Holiday catalogs from Seattle's Sur La Table are brimming with photographs of colorful Cuisinart devices that home cooks might hope to find under their Christmas


How Cuisinart Revolutionized Hanukkah

Holiday catalogs from Seattle's Sur La Table are brimming with photographs of colorful Cuisinart devices that home cooks might hope to find under their Christmas trees. But the iconic Cuisinart food processor played a pivotal role in defining the menu for another winter holiday.

Latkes have been an Ashkenazi standard since the 16th century, when even the poorest shtetl dweller could afford a potato. Although the pancakes were served year-round, they almost always appeared at Hanukkah, when very observant Jews marked the Maccabees' military victory by eating something oily. Latkes, fried in goose fat, were the greasy food of choice.

But the custom was no more widespread than the contemporary practice of buying gifts for Bosses Day. On a calendar crammed with important holidays, Hanukkah is a very minor festival. "Not even the Zionists make a fuss about Chanukah," the American Jewish Chronicle reported in 1916.

What kept Hanukkah from slipping into oblivion was its proximity to Christmas, a holiday that many 20th-century Jews started observing without regard to its religious significance. Troubled by the trend, rabbis tried to lure their congregants away from the Christian holiday by promoting Hanukkah as an equally enjoyable celebration.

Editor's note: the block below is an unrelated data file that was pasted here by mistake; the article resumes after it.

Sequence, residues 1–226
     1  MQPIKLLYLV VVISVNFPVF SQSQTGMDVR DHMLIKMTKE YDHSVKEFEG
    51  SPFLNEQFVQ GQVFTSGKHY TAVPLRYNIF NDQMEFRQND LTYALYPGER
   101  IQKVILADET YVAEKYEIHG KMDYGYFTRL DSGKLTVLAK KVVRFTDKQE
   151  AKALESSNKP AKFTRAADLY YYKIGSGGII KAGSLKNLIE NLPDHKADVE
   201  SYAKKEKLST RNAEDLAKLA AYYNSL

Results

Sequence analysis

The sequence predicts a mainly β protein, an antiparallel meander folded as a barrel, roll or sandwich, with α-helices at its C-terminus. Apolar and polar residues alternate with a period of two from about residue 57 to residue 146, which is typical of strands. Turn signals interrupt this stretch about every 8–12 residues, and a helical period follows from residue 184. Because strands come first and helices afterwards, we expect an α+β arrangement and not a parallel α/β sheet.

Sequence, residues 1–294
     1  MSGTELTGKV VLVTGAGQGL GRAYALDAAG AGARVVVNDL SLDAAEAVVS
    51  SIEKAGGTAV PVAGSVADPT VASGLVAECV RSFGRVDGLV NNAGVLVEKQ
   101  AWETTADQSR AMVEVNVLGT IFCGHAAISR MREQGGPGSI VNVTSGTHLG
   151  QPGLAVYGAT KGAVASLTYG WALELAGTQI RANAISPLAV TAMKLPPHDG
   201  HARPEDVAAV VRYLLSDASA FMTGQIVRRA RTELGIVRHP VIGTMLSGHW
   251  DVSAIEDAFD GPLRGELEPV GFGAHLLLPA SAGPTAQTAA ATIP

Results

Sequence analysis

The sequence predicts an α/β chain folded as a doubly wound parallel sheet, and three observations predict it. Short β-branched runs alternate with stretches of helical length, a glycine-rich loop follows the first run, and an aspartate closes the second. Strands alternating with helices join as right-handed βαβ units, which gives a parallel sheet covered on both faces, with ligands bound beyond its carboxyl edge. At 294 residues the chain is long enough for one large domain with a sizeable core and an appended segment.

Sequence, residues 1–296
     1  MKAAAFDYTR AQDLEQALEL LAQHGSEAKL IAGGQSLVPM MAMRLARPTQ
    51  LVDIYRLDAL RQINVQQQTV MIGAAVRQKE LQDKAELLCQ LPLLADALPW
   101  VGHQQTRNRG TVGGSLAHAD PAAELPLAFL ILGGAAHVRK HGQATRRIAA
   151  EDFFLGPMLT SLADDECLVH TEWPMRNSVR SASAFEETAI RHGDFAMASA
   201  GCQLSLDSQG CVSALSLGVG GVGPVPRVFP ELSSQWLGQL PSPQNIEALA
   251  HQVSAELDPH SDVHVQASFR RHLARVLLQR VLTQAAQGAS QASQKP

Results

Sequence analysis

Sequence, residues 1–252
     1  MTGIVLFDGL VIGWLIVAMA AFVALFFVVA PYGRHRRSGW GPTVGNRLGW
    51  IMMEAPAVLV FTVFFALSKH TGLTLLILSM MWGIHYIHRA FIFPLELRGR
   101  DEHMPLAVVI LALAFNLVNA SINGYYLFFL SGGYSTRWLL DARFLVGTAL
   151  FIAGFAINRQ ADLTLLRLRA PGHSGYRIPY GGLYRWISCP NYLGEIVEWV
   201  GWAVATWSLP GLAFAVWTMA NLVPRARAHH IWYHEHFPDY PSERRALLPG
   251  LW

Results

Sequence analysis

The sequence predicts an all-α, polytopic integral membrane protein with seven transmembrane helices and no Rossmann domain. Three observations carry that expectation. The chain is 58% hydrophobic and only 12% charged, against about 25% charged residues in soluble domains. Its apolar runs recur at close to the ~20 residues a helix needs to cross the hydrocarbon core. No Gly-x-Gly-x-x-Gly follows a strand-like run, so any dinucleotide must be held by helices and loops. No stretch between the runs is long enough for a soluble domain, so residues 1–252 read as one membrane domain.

Since Christmas came with roasted turkey and plum puddings, Hanukkah needed its own special foods too. In The Wonders of America: Reinventing Jewish Culture, 1880-1950, Jenna Weissman Joselit quotes 1940s recipes for "menorah fruit salad" and egg salad sandwiches trimmed to resemble Hanukkah heroes.

Celebrants were also urged to make latkes, a chore which required long sessions of knuckle-skinning potato-grating. American Jews might well have stuck with the egg salad sandwiches had Cuisinart not introduced its food processor in 1973.

Although food processors were available as early as the 1940s, Cuisinart offered the first U.S.-made version of the device. According to company spokesperson Mary Rodgers, Cuisinart has never "specifically marketed the food processor as a latke solution." But word soon spread through temple sisterhood circles that the processor was a Hanukkah miracle machine.

"With a food processor, you can ply your family with latkes for each of the eight nights of the holiday," Florence Fabricant promised her readers in 1977. "The machine grates the potatoes in a twinkling. They do not even require peeling."

While barnstorming for her 1980 cookbook, The Pleasures of Your Food Processor, Canadian Norene Gilletz showed thousands of Jewish women how they could use the right shredding disc to simplify latke preparation. Gilletz's ring-bound book - now considered a classic of kosher cookery - helped solidify the relationship between Cuisinart and Hanukkah. "Gilletz is passionate about the Cuisinart food processor," Rogers says.

So are most latke makers. While a few purists still rely on box graters, the vast majority of latke mavens believe "the Cuisinart (is) a godsend," as Alex Witchel wrote in a 2006 New York Times column recalling how her grandmothers' potatoes turned pink and gray because they oxidized before the tedious task of hand-grating was completed.

Every Hanukkah season brings a wave of haute latke recipes made with sweet potatoes, zucchini, spinach and a variety of other non-traditional vegetables. But almost every latke recipe now starts the same way: "Using a food processor..."

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